Is Morey willing to risk that with Embiid, particularly with how analytical his mind goes?

Hard to say.

But Harden will keep pressing to make things untenable in the meantime. The answer to every question will be geared toward Morey’s untrustworthiness, from Harden’s eyes, and Morey, and the 76ers, will have to endure the merry-go-round every day until the pressure is released.

But it’ll only be released if Harden is set free. Again, it follows a pattern of behavior from Harden that he can’t run from, but one only runs if they care.

Sentiment on Harden has gone so far in the other direction, it’s easy to forget he’s still a very useful player. While it would be foolish to call him an MVP in waiting, it would also be just as silly to assume he’s done being impactful.

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He led the league in assists last season and shot a career-high 38.5% from 3-point range on over seven attempts per game.

His closeout games in playoff series speak for themselves, a string of disappointments and unmet expectations. However, he did deliver two 40-balls against the Celtics in their second-round matchup this spring.

If his previous playoff credit report was any indication, those games qualify as gravy.

“To use a baseball analogy, he’s a middle reliever,” a Western Conference high-ranking executive told Yahoo Sports. “You can’t count on him to close, but he’ll eat up innings in the regular season. If nothing else, he loves to play, that’s what you hear.”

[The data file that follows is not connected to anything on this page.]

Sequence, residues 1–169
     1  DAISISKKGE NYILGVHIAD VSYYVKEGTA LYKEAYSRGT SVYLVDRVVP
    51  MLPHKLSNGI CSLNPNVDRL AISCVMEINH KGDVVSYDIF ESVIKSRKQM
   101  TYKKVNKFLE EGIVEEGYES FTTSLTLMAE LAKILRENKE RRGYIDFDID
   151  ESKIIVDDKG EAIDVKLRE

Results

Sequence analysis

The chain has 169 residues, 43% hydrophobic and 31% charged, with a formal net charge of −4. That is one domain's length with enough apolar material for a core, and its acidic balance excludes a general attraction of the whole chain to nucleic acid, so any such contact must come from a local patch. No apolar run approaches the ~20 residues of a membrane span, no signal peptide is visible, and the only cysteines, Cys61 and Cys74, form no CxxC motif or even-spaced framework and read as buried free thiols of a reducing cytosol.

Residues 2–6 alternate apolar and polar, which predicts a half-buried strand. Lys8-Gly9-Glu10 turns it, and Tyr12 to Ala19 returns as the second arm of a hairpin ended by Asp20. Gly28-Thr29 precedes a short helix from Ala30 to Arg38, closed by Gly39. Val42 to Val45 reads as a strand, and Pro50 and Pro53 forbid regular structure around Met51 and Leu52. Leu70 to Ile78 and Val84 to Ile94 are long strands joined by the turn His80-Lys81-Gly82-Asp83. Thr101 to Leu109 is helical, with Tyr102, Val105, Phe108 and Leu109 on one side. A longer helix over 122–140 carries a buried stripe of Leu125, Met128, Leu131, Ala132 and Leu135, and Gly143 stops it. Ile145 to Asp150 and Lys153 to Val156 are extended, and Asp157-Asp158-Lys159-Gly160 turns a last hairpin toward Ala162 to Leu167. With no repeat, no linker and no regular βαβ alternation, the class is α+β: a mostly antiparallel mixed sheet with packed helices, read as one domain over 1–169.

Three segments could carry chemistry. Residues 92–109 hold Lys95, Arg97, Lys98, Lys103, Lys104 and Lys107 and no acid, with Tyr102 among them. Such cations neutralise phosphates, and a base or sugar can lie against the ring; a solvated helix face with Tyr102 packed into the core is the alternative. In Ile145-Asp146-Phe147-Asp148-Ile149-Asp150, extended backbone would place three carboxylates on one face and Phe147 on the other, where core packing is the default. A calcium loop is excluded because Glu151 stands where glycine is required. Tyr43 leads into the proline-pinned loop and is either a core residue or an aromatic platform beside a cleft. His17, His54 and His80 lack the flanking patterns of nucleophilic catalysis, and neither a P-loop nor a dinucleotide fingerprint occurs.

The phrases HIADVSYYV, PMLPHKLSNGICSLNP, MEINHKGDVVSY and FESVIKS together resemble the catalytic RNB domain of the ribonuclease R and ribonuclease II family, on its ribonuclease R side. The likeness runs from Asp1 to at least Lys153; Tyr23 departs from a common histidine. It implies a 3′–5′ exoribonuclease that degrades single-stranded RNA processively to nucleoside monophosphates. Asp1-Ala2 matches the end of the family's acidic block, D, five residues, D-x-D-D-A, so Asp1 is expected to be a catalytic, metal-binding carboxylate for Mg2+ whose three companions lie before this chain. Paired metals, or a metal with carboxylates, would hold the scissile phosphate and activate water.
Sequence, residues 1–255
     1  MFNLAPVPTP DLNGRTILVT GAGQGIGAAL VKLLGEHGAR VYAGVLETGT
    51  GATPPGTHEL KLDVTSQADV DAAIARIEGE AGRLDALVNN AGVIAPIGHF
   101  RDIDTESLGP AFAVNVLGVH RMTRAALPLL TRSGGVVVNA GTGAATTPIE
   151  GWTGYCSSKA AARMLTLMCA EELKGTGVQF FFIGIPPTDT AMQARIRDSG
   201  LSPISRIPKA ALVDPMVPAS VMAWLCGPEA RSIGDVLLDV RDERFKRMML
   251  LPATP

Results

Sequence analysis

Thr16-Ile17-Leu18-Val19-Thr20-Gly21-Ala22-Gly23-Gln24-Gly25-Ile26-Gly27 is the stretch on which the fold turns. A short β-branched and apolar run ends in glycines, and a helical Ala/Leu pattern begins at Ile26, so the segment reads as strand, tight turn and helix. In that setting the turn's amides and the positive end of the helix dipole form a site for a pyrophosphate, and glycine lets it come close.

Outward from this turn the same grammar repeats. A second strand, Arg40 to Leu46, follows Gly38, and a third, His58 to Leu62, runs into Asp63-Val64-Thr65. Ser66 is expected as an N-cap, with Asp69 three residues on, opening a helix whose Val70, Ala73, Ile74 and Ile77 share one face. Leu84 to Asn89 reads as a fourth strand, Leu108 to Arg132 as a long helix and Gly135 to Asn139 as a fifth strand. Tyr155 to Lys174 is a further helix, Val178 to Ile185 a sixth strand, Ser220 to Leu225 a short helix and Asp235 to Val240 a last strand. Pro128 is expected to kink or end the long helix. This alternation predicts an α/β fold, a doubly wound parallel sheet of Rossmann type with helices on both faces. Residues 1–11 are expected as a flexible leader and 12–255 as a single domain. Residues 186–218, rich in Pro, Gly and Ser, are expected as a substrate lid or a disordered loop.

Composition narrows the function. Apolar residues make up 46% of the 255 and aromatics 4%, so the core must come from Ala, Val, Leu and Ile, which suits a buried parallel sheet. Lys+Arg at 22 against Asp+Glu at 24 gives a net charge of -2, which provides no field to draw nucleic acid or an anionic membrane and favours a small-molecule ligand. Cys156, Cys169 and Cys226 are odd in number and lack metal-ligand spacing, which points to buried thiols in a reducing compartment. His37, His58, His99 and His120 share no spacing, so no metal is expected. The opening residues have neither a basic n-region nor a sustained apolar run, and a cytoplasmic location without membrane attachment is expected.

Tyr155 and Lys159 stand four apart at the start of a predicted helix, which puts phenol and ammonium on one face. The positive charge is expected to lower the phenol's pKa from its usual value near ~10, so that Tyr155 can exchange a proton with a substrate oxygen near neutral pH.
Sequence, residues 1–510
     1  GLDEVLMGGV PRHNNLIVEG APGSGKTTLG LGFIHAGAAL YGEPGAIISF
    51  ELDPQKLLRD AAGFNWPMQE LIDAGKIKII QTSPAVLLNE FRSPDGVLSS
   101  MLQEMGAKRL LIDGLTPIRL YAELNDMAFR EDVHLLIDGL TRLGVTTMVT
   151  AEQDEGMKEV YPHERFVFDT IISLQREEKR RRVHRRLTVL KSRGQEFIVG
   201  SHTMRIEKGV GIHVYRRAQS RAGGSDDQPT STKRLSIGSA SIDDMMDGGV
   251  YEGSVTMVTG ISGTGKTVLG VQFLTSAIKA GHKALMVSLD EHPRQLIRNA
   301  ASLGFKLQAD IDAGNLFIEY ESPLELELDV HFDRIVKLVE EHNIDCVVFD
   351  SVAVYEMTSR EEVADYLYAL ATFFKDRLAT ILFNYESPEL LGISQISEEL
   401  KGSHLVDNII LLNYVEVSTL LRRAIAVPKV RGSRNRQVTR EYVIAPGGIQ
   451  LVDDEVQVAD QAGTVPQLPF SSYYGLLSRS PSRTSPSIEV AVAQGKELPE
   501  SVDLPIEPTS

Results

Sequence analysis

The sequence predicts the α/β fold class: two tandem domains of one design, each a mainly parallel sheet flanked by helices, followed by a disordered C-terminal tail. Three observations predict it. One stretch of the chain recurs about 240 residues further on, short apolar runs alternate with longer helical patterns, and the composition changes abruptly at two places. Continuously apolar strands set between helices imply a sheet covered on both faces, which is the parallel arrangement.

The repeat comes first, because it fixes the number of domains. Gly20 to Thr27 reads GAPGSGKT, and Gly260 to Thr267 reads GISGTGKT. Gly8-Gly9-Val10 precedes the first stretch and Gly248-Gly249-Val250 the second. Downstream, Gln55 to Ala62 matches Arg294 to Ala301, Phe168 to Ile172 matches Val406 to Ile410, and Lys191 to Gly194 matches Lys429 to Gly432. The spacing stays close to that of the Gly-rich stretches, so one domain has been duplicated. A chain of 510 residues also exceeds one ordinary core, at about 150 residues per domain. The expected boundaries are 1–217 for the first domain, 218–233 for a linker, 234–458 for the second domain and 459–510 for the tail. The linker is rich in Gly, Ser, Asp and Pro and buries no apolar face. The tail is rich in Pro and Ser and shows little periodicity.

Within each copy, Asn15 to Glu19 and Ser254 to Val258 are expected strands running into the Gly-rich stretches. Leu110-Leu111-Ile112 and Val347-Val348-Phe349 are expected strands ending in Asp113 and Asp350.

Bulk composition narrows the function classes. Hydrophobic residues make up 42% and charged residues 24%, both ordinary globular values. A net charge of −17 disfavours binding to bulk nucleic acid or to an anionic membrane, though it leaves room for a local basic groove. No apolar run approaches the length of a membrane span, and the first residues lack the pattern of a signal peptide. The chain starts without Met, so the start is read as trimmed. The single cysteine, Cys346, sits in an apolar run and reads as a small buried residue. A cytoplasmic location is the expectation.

Harden wants the Clippers, the Clippers want Harden — with Harden and several players having communicated on the desire to play together. Depending on Harden to be a championship team’s second-best player is a risk — but how about a third?

He’ll play heavy minutes while presumably, George and Leonard build it up to be ready for May and June, if they’re to be available.

Both haven’t received extensions from the Clippers this summer and there doesn’t appear to be any rush by either side to do it, but smart money says they’d have a three-year window with Harden as he approaches his mid-30s.

If George and Leonard aren’t healthy, it doesn’t matter what Harden does or doesn’t do anyway over that time period.

But that isn’t Morey’s concern here, as he finds himself out of leverage, out of an ally with perhaps another not far behind, and maybe, running out of time.